Standard 4

4.2 Are the views of children and families sought when the organisation is developing a new service or piece of work?

This means that when a new piece of work is being considered, children and families should be consulted regarding its development. The consultation process should include those with disabilities, specific needs as well as those from diverse cultural and ethnic backgrounds. The consultation notes should be recorded and made available within your organisation.

It is recognised that organisations will differ with how much direct contact they have with children and how much their services directly impact on children. Therefore the expectation of the level of consultation with children will vary depending on the type of organisation. We work with just under 2000 children each week so obviously it looked different at different stages of the journey.

Examples and suggestions of good practice

Organisations with children in their care, eg children’s homes, fostering agencies, childcare and education settings could have

  • Regular children’s meetings
  • Involve young people in recruitment
  • Ensure close relationships with other professionals involved with the children
  • Regular one to one sessions with key workers
  • Undertake questionnaires with children
  • Hold feedback forums with children.

Organisations working directly with children in the community could:

  • Deliver surveys and questionnaires
  • Hold consultations
  • Deliver engagement activities
  • Involve children in recruitment and training
  • Develop a young people’s council
  • Develop an interactive websites
  • Involve children in the planning and delivery of events and activities.

Organisations that don’t work directly with children could:

  • have regular consultation with service users – being aware that service users may be parents / care givers.
  • use the ‘Think Family, Work Family’ approach.
  • Consult with wider community using surveys, questionnaires and forums.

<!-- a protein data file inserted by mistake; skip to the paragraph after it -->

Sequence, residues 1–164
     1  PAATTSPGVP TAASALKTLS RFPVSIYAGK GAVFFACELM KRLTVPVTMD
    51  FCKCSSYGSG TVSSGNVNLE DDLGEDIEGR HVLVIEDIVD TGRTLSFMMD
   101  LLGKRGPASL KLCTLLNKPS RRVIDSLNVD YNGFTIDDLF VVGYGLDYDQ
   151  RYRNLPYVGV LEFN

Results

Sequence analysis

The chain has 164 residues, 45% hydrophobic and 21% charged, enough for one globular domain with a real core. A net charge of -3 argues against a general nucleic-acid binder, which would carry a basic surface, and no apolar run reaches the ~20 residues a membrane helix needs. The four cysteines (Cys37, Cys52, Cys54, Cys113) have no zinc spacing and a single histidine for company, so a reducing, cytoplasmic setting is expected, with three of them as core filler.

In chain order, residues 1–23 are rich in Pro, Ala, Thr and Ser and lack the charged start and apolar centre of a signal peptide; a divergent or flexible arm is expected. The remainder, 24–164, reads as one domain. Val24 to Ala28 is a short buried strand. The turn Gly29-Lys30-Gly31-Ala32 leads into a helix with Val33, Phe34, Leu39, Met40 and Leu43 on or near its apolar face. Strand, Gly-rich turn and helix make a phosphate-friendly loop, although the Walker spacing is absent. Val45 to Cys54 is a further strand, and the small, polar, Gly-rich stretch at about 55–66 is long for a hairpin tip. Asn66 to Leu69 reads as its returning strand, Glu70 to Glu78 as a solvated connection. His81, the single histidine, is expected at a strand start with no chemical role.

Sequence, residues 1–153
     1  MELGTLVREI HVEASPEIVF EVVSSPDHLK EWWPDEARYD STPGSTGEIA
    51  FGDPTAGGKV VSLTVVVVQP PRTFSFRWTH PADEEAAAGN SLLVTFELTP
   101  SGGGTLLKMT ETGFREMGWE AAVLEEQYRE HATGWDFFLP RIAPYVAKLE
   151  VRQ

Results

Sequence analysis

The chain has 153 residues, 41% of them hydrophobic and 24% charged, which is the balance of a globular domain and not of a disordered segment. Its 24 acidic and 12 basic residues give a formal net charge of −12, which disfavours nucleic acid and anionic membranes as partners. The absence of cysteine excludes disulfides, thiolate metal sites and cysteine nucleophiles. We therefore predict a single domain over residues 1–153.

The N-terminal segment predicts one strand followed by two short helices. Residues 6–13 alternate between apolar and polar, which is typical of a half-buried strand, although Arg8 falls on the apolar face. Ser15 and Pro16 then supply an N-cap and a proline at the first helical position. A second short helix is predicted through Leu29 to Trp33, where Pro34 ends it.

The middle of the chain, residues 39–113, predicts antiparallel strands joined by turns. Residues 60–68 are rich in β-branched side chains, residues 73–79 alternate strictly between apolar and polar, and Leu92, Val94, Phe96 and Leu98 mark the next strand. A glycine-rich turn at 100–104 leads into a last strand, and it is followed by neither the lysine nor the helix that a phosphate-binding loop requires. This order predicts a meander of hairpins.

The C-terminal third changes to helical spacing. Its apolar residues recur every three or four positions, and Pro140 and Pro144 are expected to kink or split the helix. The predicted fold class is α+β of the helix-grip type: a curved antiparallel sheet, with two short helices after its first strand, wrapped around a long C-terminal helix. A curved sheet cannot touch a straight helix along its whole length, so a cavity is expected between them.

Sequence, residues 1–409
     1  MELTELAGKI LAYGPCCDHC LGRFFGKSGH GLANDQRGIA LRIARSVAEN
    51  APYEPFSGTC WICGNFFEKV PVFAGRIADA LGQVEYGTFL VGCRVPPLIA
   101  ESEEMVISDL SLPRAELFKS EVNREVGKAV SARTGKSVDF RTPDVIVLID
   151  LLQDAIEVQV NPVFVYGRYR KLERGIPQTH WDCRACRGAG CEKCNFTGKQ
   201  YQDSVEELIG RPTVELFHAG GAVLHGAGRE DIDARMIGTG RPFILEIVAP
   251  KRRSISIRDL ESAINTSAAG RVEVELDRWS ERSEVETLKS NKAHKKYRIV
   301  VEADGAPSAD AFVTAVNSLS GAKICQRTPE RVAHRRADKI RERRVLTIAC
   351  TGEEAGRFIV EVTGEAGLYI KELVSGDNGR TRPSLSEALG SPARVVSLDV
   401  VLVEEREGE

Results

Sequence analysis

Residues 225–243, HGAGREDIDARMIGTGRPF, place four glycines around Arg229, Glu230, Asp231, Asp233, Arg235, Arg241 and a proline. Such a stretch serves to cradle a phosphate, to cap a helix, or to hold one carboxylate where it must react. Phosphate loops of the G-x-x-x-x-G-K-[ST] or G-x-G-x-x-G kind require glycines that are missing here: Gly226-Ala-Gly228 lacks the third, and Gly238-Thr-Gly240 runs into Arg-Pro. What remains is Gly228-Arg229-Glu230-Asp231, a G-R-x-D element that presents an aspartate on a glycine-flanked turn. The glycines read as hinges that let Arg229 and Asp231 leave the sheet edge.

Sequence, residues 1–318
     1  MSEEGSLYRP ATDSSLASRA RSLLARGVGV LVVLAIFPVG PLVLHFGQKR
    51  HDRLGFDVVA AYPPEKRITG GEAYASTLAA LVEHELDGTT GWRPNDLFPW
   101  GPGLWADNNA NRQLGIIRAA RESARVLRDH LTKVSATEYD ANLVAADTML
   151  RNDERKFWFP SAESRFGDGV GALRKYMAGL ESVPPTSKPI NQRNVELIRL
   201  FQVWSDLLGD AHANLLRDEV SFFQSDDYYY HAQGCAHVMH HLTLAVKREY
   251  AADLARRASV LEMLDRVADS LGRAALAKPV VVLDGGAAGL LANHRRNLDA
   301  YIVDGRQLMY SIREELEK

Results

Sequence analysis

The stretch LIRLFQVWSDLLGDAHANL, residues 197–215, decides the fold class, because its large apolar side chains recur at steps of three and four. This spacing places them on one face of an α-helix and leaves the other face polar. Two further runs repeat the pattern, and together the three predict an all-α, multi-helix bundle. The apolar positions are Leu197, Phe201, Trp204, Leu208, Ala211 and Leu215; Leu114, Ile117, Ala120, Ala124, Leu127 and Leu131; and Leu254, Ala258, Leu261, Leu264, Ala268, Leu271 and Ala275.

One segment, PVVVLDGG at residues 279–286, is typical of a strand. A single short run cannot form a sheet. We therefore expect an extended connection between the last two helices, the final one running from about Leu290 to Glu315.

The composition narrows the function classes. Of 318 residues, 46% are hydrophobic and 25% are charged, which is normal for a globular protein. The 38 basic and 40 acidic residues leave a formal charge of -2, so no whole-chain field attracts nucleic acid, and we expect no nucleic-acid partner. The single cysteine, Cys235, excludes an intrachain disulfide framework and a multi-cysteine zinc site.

Case Study

The organisation Kidz Klub recently went through a significant restructure of their organisation and changed a great deal of the way they provided their services to children. The following is how they obtained the views of the children they work with prior to making these changes.

Getting feeding back and communicating what we were doing with adults was time consuming but relatively straightforward.  Doing this with the children took a little bit more thought.  We tried to bring them along at all stages of the journey.  We work with just under 2000 children each week so obviously it looked different stages of the journey. 

A big part of what we do is home visitation; every child who attends one of our activities is also visited at home each week during term time - a chance to deliver their activity sheet and to connect with the children and their families in a meaningful way.   We would use the time delivering sheets to make sure every child had the chance to fill in a questionnaire, with a space for a parent or guardian to contribute as well.  This would obviously mean that we would have many conversations about what they enjoy, what they don't, what's easy to access etc. Such conversations aren't unusual anyway - they are often a natural part of weekly conversation following on from an activity with a child saying 'I really liked it when....' or a parent telling us, 'The bus turns up late outside the co-op' etc.  As any organisation would, we are always trying to take on board these comments as part of good practice so we can continually improve what we do.

In addition to the questionnaire and verbal feedback, we knew we wanted to take that information once it was gathered and create small focus groups with the children so that we could hear what they had to say.  So we ran an 8 week focus group where 12-20 children, who had been regulars at Kidz Klub, would join together to speak into what was ahead. We would talk to the children about what was happening, about their ideas for Kidz Klub and also about being children in Leeds.  After the focus group, we ran 2 pilots using many of the new ideas the children had helped to formulate. We ran these in different parts of the city so we really got a feel for what worked where.  These certainly helped us as there were many things that didn't work!  After the pilots, we gathered more feedback through feedback sessions with the children, questionnaires, community partnership forums and telephone calls.  We then gradually rolled out our new programme; there was a sense of shared anticipation and excitement - it was definitely a time to celebrate!

The process wasn't short - there was a period of around 6 months where we stopped all our weekly activities except home visiting.  But we really believe it was the right thing to do and an invaluable exercise.